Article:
Murder marked the triumph of Maputo’s vultures and hyenas

Tuesday October 05 2021
Internally Displaced People in Mozambique.

Internally Displaced People board a military vehicle in Mozambique. PHOTO | COURTESY | RWANDA DEFENCE FORCES (RDF)

By Charles Onyango-Obbo

At the end of July, Rwandan forces landed in Mozambique’s northeast Cabo Delgado province. Within three weeks, they had retaken nearly 85 percent of the province from Islamist insurgents, who had occupied most of it for four years.

Last weekend, Rwanda President Paul Kagame visited Mozambique, and with President Filipe Nyusi, they dropped in on the troops in Cabo Delgado. It was the first time in four years that Nyusi, who sought a pan-African hand from Rwanda against the rebels earlier in the year, could set foot there.

Mozambique is ruled by Frelimo, a storied liberation movement. It has nearly three times the population of Rwanda. Cabo Delgado alone is four times the size of Rwanda. In an ideal world, Mozambique would be Rwanda’s protector, not vice versa.

Thinking of how it came to this, my mind kept going back to a murder in Mozambique’s capital Maputo 21 years ago.

There is a strange way in which murders and deaths can encapsulate the times: the assassination of Congolese independence leader and nationalist Patrice Lumumba in 1961; the shooting of the charismatic Kenyan politician and pan-Africanist Tom Mboya in 1969; the assassination of the first president of Zanzibar Abeid Karume in 1972; the murder of the Archbishop of the Church of Uganda Janani Luwum in 1977; or even the assassination of Beatles musician and peace activist John Lennon in New York in 1980. The list is endless.

Sometimes the deaths have social and political impacts. Most times, you just feel – or hope – that the gods will open the skies and sow wrath on evildoers, but nothing happens. Still, in it all, there’s always a sign.


On November 22, 2000, celebrated Mozambican journalist Carlos Cardoso was murdered in Maputo. His killing followed his newspaper's investigation into a $14 million fraud related to the privatisation of Mozambique's biggest bank, Banco Comercial de Moçambique.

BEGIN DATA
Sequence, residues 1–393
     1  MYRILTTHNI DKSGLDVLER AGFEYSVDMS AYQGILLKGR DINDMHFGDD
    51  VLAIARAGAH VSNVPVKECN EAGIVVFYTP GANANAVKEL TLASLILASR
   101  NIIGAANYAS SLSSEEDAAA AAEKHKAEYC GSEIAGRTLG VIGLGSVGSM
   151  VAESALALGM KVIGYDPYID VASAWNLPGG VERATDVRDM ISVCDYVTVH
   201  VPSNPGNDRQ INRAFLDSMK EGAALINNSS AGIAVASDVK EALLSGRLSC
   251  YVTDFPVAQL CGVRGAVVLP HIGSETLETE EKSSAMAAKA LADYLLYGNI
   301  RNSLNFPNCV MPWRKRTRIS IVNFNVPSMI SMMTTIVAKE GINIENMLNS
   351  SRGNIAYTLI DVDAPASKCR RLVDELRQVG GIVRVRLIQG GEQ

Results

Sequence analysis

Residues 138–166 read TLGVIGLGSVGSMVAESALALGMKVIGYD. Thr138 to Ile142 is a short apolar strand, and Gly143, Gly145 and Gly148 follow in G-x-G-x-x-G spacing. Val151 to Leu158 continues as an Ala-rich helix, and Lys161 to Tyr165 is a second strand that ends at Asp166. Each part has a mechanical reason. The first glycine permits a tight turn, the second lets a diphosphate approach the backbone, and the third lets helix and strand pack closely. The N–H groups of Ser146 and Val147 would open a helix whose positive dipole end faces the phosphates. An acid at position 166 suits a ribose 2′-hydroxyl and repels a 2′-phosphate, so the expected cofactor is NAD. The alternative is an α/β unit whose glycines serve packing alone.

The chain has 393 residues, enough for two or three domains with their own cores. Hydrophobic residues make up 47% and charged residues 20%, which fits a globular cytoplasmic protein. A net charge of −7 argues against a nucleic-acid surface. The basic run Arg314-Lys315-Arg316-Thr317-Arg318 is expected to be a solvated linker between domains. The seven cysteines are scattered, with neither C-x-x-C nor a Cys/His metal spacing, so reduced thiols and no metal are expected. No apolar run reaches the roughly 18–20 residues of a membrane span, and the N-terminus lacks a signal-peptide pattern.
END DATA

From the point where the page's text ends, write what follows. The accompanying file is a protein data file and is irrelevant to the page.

Cardoso’s murder shocked the African and global media and intellectual community to the bone. It was almost impossible to comprehend.

In the 2002 trial of six suspects in Cardoso’s murder, some of them alleged that Nyimpine Chissano, the son of then Mozambican president Joaquim Chissano, paid Cardoso's murderer by cheque. Aníbal dos Santos, a Portuguese citizen who was alleged to have masterminded Cardoso's murder, was convicted in absentia in 2003 after escaping from prison. A retrial in 2006, following dos Santos' second escape, upheld his sentence of 30 years in prison.

In 2006 Mozambican media reported anonymous claims that an arrest warrant for Nyimpine Chissano had been quashed following the intervention of the former president and his wife.

One of Africa’s most syndicated cartoonist, Nairobi-based caricaturist Godfrey Mwampembwa, more popularly known as Gado, likes to draw a cast of malevolent human-animal figures, including a vulture, a hyena, sucking the life out of their countries.

The murder of Cardoso marked the triumph of Mozambique’s vultures and hyenas, who have eaten its fabled revolution.

Mozambique still stands, with its glorious beaches, rich multicultural coastal culture and cool society, but in reality, it is a political tin man. Inside it’s empty. Faced with motivated ragtag insurgents, it folded like a cheap deck chair. Mozambique's Cabo Delgado debacle didn’t start in 2017.

Charles Onyango-Obbo is a journalist, writer, and curator of the “Wall of Great Africans”. Twitter@cobbo3